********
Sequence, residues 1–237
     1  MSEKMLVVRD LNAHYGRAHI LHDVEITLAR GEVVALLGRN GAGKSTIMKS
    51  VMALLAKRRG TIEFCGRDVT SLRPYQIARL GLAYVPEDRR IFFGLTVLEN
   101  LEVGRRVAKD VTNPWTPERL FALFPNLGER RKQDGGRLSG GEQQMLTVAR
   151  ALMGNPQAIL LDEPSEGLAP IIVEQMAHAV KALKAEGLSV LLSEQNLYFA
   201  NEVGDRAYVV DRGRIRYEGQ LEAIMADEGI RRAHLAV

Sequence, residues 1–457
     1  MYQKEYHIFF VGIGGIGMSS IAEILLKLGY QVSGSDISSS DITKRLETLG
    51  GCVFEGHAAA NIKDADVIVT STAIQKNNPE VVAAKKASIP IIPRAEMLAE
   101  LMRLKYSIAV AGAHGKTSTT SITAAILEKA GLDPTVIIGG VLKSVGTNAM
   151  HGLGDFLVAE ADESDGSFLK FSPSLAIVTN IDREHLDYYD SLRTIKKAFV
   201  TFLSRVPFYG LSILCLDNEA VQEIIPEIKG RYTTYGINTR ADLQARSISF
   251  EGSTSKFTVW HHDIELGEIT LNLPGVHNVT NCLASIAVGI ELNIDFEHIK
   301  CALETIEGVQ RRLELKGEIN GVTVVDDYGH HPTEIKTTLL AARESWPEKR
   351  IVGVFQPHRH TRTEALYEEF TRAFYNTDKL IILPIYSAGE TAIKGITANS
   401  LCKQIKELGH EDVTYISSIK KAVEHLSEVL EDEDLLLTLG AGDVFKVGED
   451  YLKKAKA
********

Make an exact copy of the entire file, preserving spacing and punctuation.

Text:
Sequence, residues 1–237
     1  MSEKMLVVRD LNAHYGRAHI LHDVEITLAR GEVVALLGRN GAGKSTIMKS
    51  VMALLAKRRG TIEFCGRDVT SLRPYQIARL GLAYVPEDRR IFFGLTVLEN
   101  LEVGRRVAKD VTNPWTPERL FALFPNLGER RKQDGGRLSG GEQQMLTVAR
   151  ALMGNPQAIL LDEPSEGLAP IIVEQMAHAV KALKAEGLSV LLSEQNLYFA
   201  NEVGDRAYVV DRGRIRYEGQ LEAIMADEGI RRAHLAV

Sequence, residues 1–457
     1  MYQKEYHIFF VGIGGIGMSS IAEILLKLGY QVSGSDISSS DITKRLETLG
    51  GCVFEGHAAA NIKDADVIVT STAIQKNNPE VVAAKKASIP IIPRAEMLAE
   101  LMRLKYSIAV AGAHGKTSTT SITAAILEKA GLDPTVIIGG VLKSVGTNAM
   151  HGLGDFLVAE ADESDGSFLK FSPSLAIVTN IDREHLDYYD SLRTIKKAFV
   201  TFLSRVPFYG LSILCLDNEA VQEIIPEIKG RYTTYGINTR ADLQARSISF
   251  EGSTSKFTVW HHDIELGEIT LNLPGVHNVT NCLASIAVGI ELNIDFEHIK
   301  CALETIEGVQ RRLELKGEIN GVTVVDDYGH HPTEIKTTLL AARESWPEKR
   351  IVGVFQPHRH TRTEALYEEF TRAFYNTDKL IILPIYSAGE TAIKGITANS
   401  LCKQIKELGH EDVTYISSIK KAVEHLSEVL EDEDLLLTLG AGDVFKVGED
   451  YLKKAKA